How can a back-nursed, God-versed, North Dakota son
Compete with tickets for a prime theatrical phenomenon?
Billy Penn reader John Truitt tells his story.
After four years of drawing packed houses in New York and other cities across the country, Lin-Manuel Miranda’s Hamilton: An American Musical was coming to Philadelphia, and I was determined to attend.
The battle for seats was more fierce than I imagined — and that was just the start of my worries.
I’d entered the drawing to be able to buy tickets the moment they were released, so when that day came, I logged on and entered my code. As the countdown clock in the virtual waiting room taunted me, I jumped around to different dates in a quest to snag the best seats.
No go. My theater position was only getting worse. I attempted to go back to an earlier date, only to find that those seats were gone, and my time expired.
I jumped back in using my wife’s code, at this point scrambling to fulfill the promise I’d made to my family. I finally found a date which had several good pairs of seats remaining — Thursday, Sept. 26 — and pounced. As I entered my credit card information, I basked in the satisfaction of saving a bad situation.
But when I went to enter the event into my calendar, instead of what I expected would be an easily movable conflict — dance practice, committee meetings, other parental duties — I was horrified to see Eagles at Packers.
I’ve been a Philadelphia Eagles fan as long as I can remember.
I played football in grade school and high school, right up until my desire to watch my favorite sport outweighed my athletic gifts. Eagles gamedays became major events with advance planning. For most of my life, that meant I would don my kelly green Randall Cunningham jersey and get together with family and friends to virtually commiserate with legions of fans across the Delaware Valley.
Then Super Bowl LII happened, bringing not only the personal pleasure of seeing my favorite team reach the zenith of its sport for the first time, but also the ability to bask in collective euphoria with the rest of the region.
I shared the joy with my two daughters, born in 2009 and 2012, along with the lesson of staying with your team despite its failures. They were swept up in the celebratory frenzy, and we attended the championship parade as a family, creating what I hope will be a lasting memory.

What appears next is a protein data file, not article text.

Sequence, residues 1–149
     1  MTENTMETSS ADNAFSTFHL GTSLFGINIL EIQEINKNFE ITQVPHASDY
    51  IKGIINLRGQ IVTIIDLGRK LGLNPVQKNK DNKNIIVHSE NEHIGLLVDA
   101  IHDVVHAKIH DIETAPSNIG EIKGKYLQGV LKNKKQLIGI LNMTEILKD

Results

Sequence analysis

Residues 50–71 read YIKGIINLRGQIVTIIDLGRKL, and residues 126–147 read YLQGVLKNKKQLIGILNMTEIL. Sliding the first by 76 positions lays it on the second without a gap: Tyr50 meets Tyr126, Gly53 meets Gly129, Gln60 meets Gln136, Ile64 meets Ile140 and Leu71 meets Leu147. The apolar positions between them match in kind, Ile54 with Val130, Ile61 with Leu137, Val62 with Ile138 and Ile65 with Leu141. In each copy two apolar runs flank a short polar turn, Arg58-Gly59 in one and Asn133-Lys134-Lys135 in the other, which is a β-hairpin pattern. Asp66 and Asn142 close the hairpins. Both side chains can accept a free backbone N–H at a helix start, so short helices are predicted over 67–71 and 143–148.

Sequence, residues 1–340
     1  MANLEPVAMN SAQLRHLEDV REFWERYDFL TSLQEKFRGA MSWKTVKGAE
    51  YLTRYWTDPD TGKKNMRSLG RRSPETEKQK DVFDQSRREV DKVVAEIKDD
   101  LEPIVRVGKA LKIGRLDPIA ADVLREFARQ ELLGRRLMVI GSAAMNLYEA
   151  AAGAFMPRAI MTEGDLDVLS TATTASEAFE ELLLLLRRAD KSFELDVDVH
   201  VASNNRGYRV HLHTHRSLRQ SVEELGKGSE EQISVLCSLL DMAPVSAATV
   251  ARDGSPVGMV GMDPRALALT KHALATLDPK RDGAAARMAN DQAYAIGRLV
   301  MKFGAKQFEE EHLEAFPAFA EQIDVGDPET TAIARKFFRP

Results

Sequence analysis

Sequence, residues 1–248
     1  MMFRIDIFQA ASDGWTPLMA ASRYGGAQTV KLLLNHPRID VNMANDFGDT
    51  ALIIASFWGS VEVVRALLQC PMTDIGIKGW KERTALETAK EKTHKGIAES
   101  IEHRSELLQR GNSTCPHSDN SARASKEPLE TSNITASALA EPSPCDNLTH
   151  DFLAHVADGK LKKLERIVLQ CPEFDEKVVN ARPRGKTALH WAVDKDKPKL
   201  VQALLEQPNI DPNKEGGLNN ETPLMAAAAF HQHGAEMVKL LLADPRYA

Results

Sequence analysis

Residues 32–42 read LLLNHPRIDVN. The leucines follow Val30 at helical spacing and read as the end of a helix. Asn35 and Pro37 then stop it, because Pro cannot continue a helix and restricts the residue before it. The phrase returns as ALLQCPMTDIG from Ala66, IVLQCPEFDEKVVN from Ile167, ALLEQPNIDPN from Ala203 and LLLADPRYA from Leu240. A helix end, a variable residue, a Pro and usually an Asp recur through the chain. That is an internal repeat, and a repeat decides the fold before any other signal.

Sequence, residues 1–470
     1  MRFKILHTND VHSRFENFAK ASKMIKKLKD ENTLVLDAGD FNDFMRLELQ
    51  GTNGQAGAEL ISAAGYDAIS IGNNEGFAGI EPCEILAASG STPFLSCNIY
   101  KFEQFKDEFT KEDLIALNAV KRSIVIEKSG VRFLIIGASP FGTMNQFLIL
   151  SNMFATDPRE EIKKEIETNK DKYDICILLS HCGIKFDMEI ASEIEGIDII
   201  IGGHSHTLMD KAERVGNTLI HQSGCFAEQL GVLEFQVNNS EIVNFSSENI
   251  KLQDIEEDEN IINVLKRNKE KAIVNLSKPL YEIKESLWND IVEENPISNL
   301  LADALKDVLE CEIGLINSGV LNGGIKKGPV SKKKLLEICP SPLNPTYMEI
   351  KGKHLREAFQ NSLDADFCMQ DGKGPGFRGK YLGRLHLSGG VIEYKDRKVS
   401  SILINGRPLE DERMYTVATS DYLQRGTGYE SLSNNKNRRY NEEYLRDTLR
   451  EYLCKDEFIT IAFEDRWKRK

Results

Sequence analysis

The next year, my girls returned to indifference about the Eagles. It wasn’t entirely unexpected, as both of them became immersed in ballet and tap.
I’ll admit that toting their costumes and multiple pairs of shoes to middle schools on weekends wasn’t what I’d pictured as a parent, but I wouldn’t change any of it. I’ve been privileged to see them improve on their craft, and to learn to appreciate something about which I’d known very little. Armed with a new collection of dance terms, I can at least follow the conversation now.
Dance led to an interest in the theater, and my daughters auditioned for their school’s production of The Lion King. My wife and I volunteered to help, and under the guidance of a great team, the show was a success.
The girls loved it, and began to get bigger parts in school productions. When asked if I wanted to direct some of my own scenes (with help from some more theater-veteran parents), I readily accepted the chance to “coach” my daughters. It truly was a rewarding experience, and one I’ll continue.
This of course has led to family trips to New York City and local theater productions — and eventually to those Hamilton tickets on the same night as an Eagles game.
So I’ve been strategizing, working out how to make it through the play and back home without hearing spoilers about the Birds.
Over the years, I’ve gone to great (some would say extreme) lengths to catch glimpses of the action, or to avoid hearing about games so I could watch them later. I’ve stuck fingers in my ears and babbled with my eyes closed, I’ve watched a game in a church during a wedding rehearsal, I’ve ignored phone calls and text messages from friends.
My circumstances on Sept. 26 have presented me with a difficult situation.
Am I being called upon to lead the troops in the Battle at Yorktown, defend the Constitution, or start the First Federal Bank? No, obviously far from it. But do I feel the need to be a spectator for the Green Bay fight that pits General Carson Wentz against General Aaron Rodgers for NFC quarterback supremacy.
I’ve decided the key will be to avoid people speaking about the game during Hamilton’s intermission, and, most importantly, after the show.
Now, I don’t have John Laurens or Hercules Mulligan to help me, but I do have two trusted friends and my personal Marquis de Lafayette, my wife, to assist me in observing revolution without revelation of the score.
I can only hope we have the same luck as the Founding Fathers in the execution of their plan. Go Eagles!